Where the eagle lives

Hitani Kaur        Print Edition: June 10, 2012

There's something about living in a treehouse that beckons to the child within us; the illusion of an otherworldly existence complete with fairy doors and pixie dust. It's not just about being suspended above the ground, but more the idea of being in a womb-like cocoon sequestered from the world below. Throw in room service, an ayurvedic spa, buffet meals and a stocked bar and you are have found yourself the perfect haven. The Tree House Resort, just an hour from Jaipur, is all of this and more.

ALSO READABOUT GREEN WEEKEND GETAWAYS


The Oriental Buzzard Nest at The Tree House Resort
The Oriental Buzzard Nest at The Tree House Resort
A leisurely four-hour drive from New Delhi, just to the left of the fork-road towards Jaipur, a marked gate opens into Nature Farms, the 300-acre property on which the resort has been raised. There are a total of eight 'nests', sized from cozy doubles to spacious suites, each named after a bird and decorated in keeping with the name. I was booked at one of the more modest rooms, the Pied Harrier's Nest. The room came equipped with all the usual amenities: satelite tv, airconditioning, room service, a mini fridge (no mini bar within) and ensuite bathrooms. But what distinguishes it from just any room are the partial sunroofs in the room and bathroom, and of course, the view from the windows to remind you that you're above the canopy, not under it.
 
Having reached late the previous evening, I was up bright and early, to reflect at daybreak and, I must admit, catch the breakfast which is served buffet style from eight to ten every morning. The walk from my nest to the dining room took me through some of the other nests along a winding path shaded by dense bushes and trees. The spread for breakfast was a pleasant surprise. Aside from the Indian option of upma and paratha, there were eggs to order, well seasoned baked beans with hot toast, cold cuts, fruit, cereal, and pancakes with maple syrup accompanied by tea, coffee or freshly squeezed juice.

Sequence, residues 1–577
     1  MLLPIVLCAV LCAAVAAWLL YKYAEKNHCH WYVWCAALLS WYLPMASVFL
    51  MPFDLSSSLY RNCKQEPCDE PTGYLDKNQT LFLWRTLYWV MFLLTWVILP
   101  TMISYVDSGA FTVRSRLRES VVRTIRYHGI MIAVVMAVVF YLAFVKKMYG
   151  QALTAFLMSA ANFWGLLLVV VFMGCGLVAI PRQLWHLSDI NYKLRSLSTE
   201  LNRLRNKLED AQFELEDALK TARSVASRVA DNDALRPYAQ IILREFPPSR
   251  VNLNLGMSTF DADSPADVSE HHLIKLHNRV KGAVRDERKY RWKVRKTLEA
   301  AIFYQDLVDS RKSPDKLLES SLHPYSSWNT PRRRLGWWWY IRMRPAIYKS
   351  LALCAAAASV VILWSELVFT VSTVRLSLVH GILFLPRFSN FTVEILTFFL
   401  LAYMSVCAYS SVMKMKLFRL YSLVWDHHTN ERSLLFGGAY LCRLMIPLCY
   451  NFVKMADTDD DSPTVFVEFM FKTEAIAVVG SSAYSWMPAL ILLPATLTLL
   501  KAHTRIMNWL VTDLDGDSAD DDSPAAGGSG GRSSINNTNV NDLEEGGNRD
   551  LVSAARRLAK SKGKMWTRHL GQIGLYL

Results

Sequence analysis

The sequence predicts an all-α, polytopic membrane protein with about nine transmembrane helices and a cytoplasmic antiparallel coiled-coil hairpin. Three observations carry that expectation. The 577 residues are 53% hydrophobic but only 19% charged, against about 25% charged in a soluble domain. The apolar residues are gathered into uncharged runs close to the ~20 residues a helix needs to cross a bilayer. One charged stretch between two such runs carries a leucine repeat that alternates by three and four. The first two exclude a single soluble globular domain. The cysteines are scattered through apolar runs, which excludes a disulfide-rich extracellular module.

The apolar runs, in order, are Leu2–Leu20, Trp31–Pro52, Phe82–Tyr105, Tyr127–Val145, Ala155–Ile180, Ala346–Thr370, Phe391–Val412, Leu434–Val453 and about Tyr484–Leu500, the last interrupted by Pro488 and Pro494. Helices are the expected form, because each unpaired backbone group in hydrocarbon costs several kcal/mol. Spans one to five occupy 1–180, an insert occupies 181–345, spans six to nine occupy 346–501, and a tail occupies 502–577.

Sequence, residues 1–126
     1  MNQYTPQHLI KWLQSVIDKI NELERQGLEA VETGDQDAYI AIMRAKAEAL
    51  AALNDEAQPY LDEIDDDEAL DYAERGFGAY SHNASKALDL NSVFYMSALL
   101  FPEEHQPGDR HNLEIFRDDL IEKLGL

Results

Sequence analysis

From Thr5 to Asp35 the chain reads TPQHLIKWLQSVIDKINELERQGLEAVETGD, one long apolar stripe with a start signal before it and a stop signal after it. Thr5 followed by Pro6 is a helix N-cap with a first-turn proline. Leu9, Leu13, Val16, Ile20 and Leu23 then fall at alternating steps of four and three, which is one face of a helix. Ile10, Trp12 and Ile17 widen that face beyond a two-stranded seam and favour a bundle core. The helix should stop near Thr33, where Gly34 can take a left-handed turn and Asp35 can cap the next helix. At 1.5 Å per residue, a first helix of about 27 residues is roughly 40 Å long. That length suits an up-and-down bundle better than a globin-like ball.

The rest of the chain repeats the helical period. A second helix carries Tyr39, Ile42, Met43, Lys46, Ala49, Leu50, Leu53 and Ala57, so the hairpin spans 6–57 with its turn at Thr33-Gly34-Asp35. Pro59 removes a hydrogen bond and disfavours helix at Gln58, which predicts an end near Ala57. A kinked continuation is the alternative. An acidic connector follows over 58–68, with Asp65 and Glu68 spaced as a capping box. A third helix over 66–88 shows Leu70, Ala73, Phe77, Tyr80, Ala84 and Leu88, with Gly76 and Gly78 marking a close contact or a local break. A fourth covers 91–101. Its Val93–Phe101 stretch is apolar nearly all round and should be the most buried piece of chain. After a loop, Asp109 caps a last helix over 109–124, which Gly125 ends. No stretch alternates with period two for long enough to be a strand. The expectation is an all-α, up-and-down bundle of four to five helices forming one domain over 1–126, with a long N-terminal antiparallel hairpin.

Happy after the good meal, I decided to walk off the inertia before heading for my spa appointment. A stroll around the premises was spent exploring and discovering every bend and crevice. They have a gift shop with the usual bric-a-brac and some paintings done by local artists, though shopping doesn't feel very natural given the environment (my bag was stashed away in a corner of my room until checkout). Walk taken, I went in search of the pool, hoping for a leisurely dip after my massage but was disappointed when I saw it.

Unlike the pictures on the website which give it the appearance of being a decent size, the pool is actually miniature and didn't seem much deeper than a wading pond.

The 400-year-old antique Peacock Bar
The 400-year-old antique Peacock Bar
It had been a couple of hours since breakfast, and finally i felt sufficiently exercised, so it was time for a massage. Housed in a grounded cottage, the two-room spa offers a rather extensive list of procedures for a boutique resort of its kind - body scrub, hot stone massage et al. Having opted for more adventurous options in the past, this time I decided it would be best to play it safe. I opted for the signature taruveda massage, a 75-minute ritual which the spa manager assured me would be well worth my while. The private massage parlours are well appointed with attached showers, comfortable massage beds, ambient music, perfectly adjusted room temperature, and a still atmosphere.